Seasoned Contributor for Minuteman Review and teaches over 100 shooting classes a year.
Your gas tube should be one of your least noticeable components. What I mean by that is you shouldn’t have to think about your gas tube at all, if it’s installed properly. And the Spikes Tactical Melonited Gas Tube will be the least exciting component on your rifle.
If you check around the internet, the first thing you might notice is that the Spikes Tactical gas tube isn’t the least expensive gas tube on the market. It’s definitely on the upper end of the price spectrum, though it’s not the most expensive option.
I noticed that, too. So I bought some to find out if this gas tube is worth the extra seven or eight bucks.
This is what I found. Gas tubes aren’t that exciting (and they shouldn’t be as far as I’m concerned). So this will be a quick review.
The thing that separates this gas tube from a mil-spec gas tube is the finish.
This gas tube is finished in black melonite. It’s not a magic finish. But, it does look cool and removes one source of reflection on your rifle.
However, the finish does add an additional layer of corrosion resistance. So this gas tube should last a bit longer than a bare stainless steel gas tube.
To be honest, I’m not sure exactly how much longer. It takes a really long time to wear out a gas tube. And the flare on the bolt carrier end of the gas tube is typically what wears out first.
But I appreciate the aesthetic of the black melonite gas tube. And I also appreciate the additional layer of corrosion resistance, even if it’s not a complete game changer.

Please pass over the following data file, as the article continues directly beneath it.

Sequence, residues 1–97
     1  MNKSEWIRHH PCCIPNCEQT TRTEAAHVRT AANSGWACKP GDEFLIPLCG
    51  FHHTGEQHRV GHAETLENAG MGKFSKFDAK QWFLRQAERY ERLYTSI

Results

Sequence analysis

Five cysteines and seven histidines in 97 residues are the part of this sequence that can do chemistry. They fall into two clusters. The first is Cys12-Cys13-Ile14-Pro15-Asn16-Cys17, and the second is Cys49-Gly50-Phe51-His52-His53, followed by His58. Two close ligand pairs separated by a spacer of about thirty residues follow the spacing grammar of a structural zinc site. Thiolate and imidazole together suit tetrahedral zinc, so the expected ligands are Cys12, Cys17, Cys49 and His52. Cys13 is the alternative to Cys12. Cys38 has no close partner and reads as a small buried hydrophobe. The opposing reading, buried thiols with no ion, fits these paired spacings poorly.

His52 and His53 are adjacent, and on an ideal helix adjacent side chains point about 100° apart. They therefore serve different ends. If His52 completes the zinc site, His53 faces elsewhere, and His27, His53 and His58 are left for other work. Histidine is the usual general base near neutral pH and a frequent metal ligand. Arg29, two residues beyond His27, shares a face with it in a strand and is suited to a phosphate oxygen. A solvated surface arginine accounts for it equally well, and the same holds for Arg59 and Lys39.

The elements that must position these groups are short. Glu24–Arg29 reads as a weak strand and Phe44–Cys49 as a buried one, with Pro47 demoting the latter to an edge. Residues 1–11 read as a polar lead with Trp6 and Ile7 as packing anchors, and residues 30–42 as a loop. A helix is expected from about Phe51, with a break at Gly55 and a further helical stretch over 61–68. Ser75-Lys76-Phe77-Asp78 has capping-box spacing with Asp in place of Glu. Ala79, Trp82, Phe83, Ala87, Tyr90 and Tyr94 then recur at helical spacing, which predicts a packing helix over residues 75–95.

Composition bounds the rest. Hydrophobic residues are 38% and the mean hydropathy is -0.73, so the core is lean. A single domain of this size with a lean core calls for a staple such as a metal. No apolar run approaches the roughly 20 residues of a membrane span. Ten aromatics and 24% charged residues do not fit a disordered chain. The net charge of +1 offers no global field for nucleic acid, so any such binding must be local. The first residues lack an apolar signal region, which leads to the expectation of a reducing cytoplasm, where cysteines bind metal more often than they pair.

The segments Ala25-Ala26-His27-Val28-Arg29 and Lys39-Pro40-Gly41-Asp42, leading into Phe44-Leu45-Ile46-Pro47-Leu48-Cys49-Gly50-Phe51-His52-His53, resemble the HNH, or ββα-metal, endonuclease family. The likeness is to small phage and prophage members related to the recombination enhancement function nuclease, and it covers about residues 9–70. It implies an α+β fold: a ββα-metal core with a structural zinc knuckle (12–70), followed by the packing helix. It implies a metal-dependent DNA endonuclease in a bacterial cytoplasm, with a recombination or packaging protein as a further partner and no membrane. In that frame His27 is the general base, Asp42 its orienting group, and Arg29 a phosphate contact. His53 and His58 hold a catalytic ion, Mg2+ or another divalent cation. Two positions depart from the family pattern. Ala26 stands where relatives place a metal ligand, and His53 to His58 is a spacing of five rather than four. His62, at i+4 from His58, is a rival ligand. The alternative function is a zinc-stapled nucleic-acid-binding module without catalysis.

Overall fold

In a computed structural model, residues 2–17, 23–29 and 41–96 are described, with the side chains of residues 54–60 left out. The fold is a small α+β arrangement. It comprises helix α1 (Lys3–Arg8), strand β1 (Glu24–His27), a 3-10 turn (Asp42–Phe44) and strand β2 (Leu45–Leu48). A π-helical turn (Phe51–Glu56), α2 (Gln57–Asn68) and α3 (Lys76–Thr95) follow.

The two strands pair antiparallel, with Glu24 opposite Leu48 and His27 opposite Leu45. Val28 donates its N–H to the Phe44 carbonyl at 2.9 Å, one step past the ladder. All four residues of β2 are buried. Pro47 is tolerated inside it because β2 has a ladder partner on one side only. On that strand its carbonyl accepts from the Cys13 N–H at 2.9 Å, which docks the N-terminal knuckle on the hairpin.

Under the melonite finish, this is a 304 stainless steel gas tube. Stainless steel is the mil-spec standard. And it’s good enough to hold up for tens of thousands of rounds. Even if the melonite finish does absolutely nothing, you still get a gas tube that will probably last through the life of more than one barrel.
However, when I inspected and installed this gas tube, I found the construction to be excellent.
All of the holes—the gas port and pin hole—were drilled prior to the finish being applied. That’s the sort of attention to detail I’d expect from a slightly pricier gas tube.
Also, the gas block end of this gas tube is closed. I prefer this design. I’ve seen some budget gas tubes that are open at both ends. The gas tube relies on the gas block to stop gas from escaping from the muzzle end.
The Spikes Tactical gas tube is closed at the muzzle end to completely eliminate that point of gas leakage.
At the other end, the gas key flare is actually machined into the gas tube. Some budget gas tubes are simply stretched at the gas key end.
This gas tube has a thick collar where it interfaces with the gas key. That way it lasts a super long time because the gas key flare will wear down very slowly. And it will take a very long time before wear on the gas key flare actually causes gas leakage.
The last things I noticed were the pinning notches. The pinning notches appear to be pressed into the gas tube, rather than machined. That’s just nice because it doesn’t create a thin spot where the pin secures the gas tube, which helps ensure there are no weak points in your gas tube.
All in all, the construction has all the features that you’d expect from a high-end gas tube. Spikes Tactical clearly didn’t cut any corners when they built this gas tube.
You can also check out this awesome Spikes Tactical Carbine Buffer Review.
When I say this gas tube will be boring once you get it installed, I mean it. It just works.
There have been zero issues caused by the gas tube in rifles I’ve built or repaired with the Spikes Tactical gas tube. That’s exactly what I want from a gas tube: I shouldn’t have to think about it.
If you’re looking for something a bit better than bare mil-spec hardware, the Spikes Tactical gas tube is the way to go. It’s only a little bit more expensive than the cheapest gas tubes. And it’s built well enough to pretty much guarantee that you can forget about it once it’s on your gun.